Your lungs also undergo adaptation. While you don’t develop new alveoli (the little dudes that make up your lungs), the oxygen diffusion capacity of the alveoli improves (the ability of oxygen to move from the inhaled air into the lungs). This allows for greater volumes of oxygen to diffuse into the pulmonary capillaries, which is a major yippee as more oxygen gets into the bloodstream. The muscles governing the movement of your lungs also strengthen with exercise. This allows for a greater expansion of the thoracic cavity which assists to bring more oxygen into the system.

The peripheral adaptations occur at the site of the cell. Inside your cell there are mitochondria. You may remember from grade 10 biology that mitochondria are the powerhouses of the cell – they utilize the diffused oxygen to produce the necessary energy for the cell. When you exercise, they increase in size and number. Additionally, enzymes associated with the energy production process also increase allowing you to workout more intensely and longer before feeling the burn. Yes, you can actually delay and at some intensities prevent the painful muscle burn from happening. Another major yippee!

When you exercise, you encourage adaptation. The coolest thing is that you don’t necessarily need to perform high intensity exercise to cause such adaptations. All types of activities are associated with adaptations (maybe not to the same extent) but they still help. So next time you’re running, gardening, hiking, raking, dog walking, treading water, skating, lawn mowing, uni-cycling, or three-legged racing you can think about all the changes occurring within your body – the changes that will forever better your health.


Wednesday Rant: Don’t do the Special K Challenge

Today I decided to replace the workout tip with a rant. Don’t worry, next week I’ll go back to the tip (unless someone is really upset and I will post one this Friday – seriously, let me know).

Last night during the commercial period of The Voice (great show by the way) a commercial came on that captured my attention. It was for Special K (the cereal). It featured a woman walking down main street window shopping wearing a bulky overcoat. As the woman is looking longingly at a red dress in the window the voiceover states “When winter turns to spring and you want to show more and wear less, see if you can get slimmer with Special K’s free personal plan”. Click here to see it.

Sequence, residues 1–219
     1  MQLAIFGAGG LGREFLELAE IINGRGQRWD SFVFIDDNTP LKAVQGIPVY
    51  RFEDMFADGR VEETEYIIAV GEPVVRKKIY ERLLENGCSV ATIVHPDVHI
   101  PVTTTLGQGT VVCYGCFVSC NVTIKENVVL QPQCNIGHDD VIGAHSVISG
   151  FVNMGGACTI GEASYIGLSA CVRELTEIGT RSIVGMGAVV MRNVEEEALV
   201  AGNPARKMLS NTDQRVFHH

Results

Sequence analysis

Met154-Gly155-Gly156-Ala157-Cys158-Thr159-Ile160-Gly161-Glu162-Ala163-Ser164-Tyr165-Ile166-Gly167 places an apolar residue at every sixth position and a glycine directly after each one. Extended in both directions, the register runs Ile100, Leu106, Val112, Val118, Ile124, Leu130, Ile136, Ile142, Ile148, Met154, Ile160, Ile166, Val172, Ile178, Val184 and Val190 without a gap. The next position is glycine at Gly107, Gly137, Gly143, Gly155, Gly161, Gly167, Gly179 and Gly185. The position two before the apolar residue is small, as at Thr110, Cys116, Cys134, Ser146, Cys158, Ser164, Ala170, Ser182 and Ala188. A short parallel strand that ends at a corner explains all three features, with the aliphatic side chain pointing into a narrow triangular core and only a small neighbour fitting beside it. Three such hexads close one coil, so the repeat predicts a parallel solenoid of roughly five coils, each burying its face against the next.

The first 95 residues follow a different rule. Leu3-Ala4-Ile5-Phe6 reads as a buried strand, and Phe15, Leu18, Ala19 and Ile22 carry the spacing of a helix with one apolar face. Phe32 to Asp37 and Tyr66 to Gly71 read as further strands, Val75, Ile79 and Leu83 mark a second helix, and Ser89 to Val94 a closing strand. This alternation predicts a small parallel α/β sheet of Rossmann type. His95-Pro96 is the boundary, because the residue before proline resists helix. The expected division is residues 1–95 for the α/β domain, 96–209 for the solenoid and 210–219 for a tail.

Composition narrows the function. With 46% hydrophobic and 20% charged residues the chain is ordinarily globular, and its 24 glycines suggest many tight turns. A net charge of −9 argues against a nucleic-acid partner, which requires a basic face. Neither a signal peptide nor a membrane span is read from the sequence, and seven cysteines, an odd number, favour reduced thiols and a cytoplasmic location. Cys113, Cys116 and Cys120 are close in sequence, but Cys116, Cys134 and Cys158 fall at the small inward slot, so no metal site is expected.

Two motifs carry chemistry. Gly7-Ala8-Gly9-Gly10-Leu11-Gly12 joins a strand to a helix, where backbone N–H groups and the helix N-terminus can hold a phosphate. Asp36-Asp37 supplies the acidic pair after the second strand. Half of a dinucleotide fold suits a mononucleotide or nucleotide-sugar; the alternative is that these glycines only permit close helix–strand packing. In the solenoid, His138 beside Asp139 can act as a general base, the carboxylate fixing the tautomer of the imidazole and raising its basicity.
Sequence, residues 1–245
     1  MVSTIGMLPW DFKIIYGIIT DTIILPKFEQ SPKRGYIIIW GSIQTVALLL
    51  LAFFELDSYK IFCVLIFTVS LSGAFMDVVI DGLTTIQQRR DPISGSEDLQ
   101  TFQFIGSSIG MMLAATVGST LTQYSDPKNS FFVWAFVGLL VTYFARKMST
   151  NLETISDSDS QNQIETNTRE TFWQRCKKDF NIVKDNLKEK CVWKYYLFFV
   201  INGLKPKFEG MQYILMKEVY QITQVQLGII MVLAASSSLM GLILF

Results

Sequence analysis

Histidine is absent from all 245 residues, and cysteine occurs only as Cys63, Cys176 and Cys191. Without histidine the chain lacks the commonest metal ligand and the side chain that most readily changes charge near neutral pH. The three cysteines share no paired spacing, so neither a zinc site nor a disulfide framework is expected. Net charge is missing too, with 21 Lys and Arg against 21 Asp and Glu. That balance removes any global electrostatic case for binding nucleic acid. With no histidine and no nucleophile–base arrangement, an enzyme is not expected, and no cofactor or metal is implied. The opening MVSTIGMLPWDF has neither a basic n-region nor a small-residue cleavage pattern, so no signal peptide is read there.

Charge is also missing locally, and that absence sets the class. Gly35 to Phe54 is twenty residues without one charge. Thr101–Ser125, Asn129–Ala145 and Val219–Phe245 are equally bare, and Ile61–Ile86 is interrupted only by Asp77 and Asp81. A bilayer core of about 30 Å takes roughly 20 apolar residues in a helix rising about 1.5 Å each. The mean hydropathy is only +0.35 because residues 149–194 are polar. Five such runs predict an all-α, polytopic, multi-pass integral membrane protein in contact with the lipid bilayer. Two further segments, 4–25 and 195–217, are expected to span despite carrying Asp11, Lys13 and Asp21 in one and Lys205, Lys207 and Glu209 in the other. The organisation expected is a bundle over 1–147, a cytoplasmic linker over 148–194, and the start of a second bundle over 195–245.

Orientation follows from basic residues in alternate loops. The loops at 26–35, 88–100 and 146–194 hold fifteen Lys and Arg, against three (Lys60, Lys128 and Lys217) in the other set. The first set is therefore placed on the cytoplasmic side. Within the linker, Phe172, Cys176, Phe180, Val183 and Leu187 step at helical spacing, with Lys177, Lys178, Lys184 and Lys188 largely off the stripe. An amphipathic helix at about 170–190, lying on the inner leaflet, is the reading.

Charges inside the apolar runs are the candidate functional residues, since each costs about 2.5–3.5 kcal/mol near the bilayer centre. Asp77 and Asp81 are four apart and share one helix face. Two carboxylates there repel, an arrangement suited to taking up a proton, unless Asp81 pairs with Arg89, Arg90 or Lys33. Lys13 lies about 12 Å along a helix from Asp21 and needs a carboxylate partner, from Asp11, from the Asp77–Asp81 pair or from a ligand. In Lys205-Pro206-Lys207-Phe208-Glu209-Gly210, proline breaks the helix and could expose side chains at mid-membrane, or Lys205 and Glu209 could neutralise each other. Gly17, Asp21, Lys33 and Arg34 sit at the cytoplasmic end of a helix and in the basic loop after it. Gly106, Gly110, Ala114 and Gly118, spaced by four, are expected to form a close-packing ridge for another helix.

First of all, this woman does NOT need to lose weight. She is a completely healthy weight. Secondly, if weight loss is her goal, eating Special K is not the answer. The cereal boasts that only 5% of calories per serving come from fat. Yippee! Low in fat and…high in salt and sugar – not yippee anymore.

One serving is equivalent to 1 cup (120 kilocalories) of cereal and I don’t know about you, but if I’m eating cereal I eat way more than a cup. In that one serving you consume 9% of your daily sodium and 8% of your daily carbohydrates (which includes 4g of sugar). If you eat more than a serving (like me) you’re looking at 18% of your daily sodium intake. Yikes.

Yes, the cereal contains a whole bunch of vitamins, minerals, and nutrients but you should really be getting these from natural sources – not a cereal.

And how many of you eat cereal in the morning and feel hungry (starving even) 2 hours later? Well, I do. Why? Firstly, if you are the rarity and follow the portion size rules, a 120 kilocalorie meal is pittance. And secondly, you haven’t eaten an ounce of protein. Protein is an excellent filler-upper as it takes longer to digest relative to carbohydrates.

So what’s the Special K Challenge that I mention ever so briefly in the title? While the commercial doesn’t reference the Challenge, it references a personal plan which is basically the same thing (click here if you want to read more). The Challenge encourages women to eat Special K for both breakfast and lunch and eat a regular dinner. Excuse me? You expect us women to last until dinner on 240 kilocalories? Yeah right. I would be the most hangry (a combination of hungry and angry) person you’d ever meet. OK – they do encourage you to eat snacks and fruits/veggies however, the snacks are more Special K delights (full of sugar/salt and low on the filler-upper quality).

So don’t do it. Don’t do the Special K Challenge. It’s bad. Eat regular, healthful meals that are balanced and full of variety. Enjoy your food.


Picture courtesy of becca.peterson26